Monday, October 20, 2008


New Reviews

John Enzinas weighs in on Iron Jaw and Hummingbird for SF Site:
The Celestial Empire is an alternate world where Imperial China did not retreat within its borders in the 15th century but expanded until a thousand years later it had colonized and begun terraforming Mars. Iron Jaw and Hummingbird tells the tale of two young people who find themselves in a position to bring the corruption of the government to light and improve the fates the inhabitants of Fire Star.
As a work of young adult fiction I was delighted to see that the characters were given agency. They had opportunity to make the moral choices that drove their actions and they were not saved from the outcomes of bad choices. In what I think was the best part of the book they were even able to think about their actions and change their minds.

And in what I believe is the first review of the book, Publishers Weekly takes a (slightly spoilerish) look at End of the Century:
This ambitious fantasy combines three very British stories: an Arthurian fable, a Victorian murder mystery and a modern-day YA adventure tale. A strange visitation sends young father Galaad to Caer Llundain in the year 498. American teenager Alice Fell, who gets holy visions during epileptic seizures, makes a similar pilgrimage to London in 2000. In 1897, as Queen Victoria celebrates her jubilee, consulting detective Sandford Blank and his sidekick, Roxanne Bonaventure, investigate a series of brutal murders. The hinted interconnections between the three tales are complex and fascinating, but as the stories come together, the novel disintegrates into a confusing mélange of ancient computers from the future, overlapping characters and objects moving through time and space. Though it jumps the tracks at the end, Roberson (Paragaea) still makes this a rollicking ride.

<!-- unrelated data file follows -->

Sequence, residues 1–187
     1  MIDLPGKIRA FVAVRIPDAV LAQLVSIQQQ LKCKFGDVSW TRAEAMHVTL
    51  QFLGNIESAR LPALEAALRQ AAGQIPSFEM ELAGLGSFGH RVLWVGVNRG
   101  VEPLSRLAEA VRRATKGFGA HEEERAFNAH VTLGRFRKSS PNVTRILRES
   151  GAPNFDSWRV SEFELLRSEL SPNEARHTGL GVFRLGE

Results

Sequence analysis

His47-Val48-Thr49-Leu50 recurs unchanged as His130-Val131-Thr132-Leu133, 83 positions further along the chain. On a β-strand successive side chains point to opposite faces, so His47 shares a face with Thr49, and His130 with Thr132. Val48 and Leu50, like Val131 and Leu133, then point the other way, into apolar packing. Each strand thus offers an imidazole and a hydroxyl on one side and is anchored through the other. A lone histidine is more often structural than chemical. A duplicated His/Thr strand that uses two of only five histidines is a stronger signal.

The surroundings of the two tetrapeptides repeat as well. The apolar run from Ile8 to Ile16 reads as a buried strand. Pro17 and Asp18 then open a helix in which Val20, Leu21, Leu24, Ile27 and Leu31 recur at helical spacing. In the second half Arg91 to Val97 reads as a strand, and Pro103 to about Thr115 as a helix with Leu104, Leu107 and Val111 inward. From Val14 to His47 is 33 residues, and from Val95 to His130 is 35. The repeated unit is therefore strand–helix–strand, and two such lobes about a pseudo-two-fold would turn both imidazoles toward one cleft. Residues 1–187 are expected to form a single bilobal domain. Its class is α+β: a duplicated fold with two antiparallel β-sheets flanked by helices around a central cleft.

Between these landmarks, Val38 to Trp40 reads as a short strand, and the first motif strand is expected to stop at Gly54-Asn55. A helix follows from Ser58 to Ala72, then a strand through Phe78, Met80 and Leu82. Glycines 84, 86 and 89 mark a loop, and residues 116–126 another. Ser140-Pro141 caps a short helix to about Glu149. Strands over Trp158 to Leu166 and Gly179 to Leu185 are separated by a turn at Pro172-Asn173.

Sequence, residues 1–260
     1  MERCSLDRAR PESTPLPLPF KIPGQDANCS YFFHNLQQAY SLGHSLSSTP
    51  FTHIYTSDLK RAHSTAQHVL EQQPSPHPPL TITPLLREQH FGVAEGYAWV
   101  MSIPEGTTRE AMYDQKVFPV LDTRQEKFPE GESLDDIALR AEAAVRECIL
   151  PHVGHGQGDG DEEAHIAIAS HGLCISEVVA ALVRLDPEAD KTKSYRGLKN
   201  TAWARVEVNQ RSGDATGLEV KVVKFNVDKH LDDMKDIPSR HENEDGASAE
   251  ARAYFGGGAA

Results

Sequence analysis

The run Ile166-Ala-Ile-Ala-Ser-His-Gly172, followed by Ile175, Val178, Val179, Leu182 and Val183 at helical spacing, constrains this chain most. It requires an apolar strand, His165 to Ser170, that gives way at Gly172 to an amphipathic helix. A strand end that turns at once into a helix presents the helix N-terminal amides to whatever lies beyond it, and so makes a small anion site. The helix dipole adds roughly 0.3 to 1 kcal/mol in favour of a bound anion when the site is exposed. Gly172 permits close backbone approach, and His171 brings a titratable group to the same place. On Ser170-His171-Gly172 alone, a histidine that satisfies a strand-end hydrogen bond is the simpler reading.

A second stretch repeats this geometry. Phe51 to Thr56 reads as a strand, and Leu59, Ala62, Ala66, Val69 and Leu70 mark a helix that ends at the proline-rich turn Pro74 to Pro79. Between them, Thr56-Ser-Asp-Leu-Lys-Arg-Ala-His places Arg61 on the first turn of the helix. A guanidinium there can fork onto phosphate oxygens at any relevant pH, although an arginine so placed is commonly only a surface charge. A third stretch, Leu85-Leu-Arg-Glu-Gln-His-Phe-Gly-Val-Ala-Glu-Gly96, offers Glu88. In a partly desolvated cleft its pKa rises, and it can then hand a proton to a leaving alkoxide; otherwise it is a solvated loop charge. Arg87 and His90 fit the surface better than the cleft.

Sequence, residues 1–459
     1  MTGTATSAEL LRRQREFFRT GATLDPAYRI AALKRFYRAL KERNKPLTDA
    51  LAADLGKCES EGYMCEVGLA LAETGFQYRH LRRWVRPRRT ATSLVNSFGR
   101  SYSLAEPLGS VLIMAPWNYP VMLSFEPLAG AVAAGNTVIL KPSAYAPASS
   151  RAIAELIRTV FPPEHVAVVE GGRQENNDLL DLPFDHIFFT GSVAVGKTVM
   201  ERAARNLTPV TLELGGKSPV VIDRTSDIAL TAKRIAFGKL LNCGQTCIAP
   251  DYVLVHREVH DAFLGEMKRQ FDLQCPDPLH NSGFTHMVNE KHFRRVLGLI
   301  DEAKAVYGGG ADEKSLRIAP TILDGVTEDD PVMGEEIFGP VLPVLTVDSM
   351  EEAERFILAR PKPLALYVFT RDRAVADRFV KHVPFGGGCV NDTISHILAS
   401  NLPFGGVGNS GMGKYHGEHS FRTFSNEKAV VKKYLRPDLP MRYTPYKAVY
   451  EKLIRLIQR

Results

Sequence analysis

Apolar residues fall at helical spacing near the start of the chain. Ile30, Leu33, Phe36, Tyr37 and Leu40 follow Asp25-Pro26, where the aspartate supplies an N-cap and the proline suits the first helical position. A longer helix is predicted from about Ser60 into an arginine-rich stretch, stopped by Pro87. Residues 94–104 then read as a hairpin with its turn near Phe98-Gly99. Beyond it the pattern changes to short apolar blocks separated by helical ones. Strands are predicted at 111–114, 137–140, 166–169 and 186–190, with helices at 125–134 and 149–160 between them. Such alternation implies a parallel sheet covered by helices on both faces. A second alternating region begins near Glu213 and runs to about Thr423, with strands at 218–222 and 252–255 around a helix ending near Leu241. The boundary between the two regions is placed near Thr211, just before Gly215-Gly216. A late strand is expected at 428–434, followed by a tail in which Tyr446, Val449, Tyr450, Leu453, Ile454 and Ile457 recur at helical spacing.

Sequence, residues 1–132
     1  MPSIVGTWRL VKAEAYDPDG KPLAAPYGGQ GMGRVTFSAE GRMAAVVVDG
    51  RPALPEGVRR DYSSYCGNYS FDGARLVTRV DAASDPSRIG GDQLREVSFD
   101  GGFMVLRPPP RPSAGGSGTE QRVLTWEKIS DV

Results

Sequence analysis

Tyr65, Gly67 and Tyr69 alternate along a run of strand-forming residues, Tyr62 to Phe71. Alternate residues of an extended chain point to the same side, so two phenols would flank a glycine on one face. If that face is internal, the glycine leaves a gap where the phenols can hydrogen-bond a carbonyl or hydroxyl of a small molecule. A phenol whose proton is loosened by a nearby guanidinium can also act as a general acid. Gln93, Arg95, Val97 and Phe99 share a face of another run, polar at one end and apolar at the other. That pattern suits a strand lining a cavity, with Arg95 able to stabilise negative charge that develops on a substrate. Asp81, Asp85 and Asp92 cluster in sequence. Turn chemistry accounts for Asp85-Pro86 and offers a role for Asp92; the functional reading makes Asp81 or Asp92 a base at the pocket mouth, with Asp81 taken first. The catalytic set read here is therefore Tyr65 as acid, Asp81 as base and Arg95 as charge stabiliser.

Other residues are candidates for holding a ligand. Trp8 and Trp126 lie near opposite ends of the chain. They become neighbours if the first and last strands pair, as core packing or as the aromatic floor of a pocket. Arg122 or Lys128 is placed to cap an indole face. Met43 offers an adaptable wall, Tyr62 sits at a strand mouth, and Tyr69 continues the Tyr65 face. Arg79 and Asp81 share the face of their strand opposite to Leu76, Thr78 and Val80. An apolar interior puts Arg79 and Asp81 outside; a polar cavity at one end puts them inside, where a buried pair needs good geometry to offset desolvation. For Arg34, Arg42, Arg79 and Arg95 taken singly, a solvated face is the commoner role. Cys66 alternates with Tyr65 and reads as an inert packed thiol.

I just finished "Iron Jaw..." and enjoyed it quite a bit...

I did have a concern...

spoiler space.....

You sort of built it around the Boxer rebellion, but the actual rebellion was focused against foreign influence. In your future history, you now have China as the only power (in the solar system?'s not clear yet), so you lose that part of the rebellion.

Not sure how you could have handled it differently...
I think that's a fair criticism, Howard. The political landscape of the Celestial Empire at that stage of history isn't quite as simple as the novel might suggest, but you're quite right that it isn't a close parallel with China in the 19th Century. The rebellions on Fire Star are more of a cultural conflict, an idea I first started toying with in "Red Hands, Black Hands." But while I usually name-check the Boxer Rebellion as the proximate inspiration for the story, there are bits and pieces of other Chinese uprisings in there as well--the White Lotus Rebellion, the Red Turban Rebellion, etc--so it ends resembling all of them a bit but none of them exactly.
ah...i wondered about the political landscape...from the novel, it appears that the chinese control the system pretty firmly

so you plan more works further into the future?
There's a couple of stories set further in the future that are forthcoming, one in the YA anthology Firebirds Soaring and one in the Daw anthology I Think, Therefore I Am, both due out early next year.
Darn...more stories in anthologies...

Eventually, there's going to have to be a Celestial Empire collection!
Sorry, Howard! But yeah, there'll definitely be a CE collection one of these days, hell or high water.
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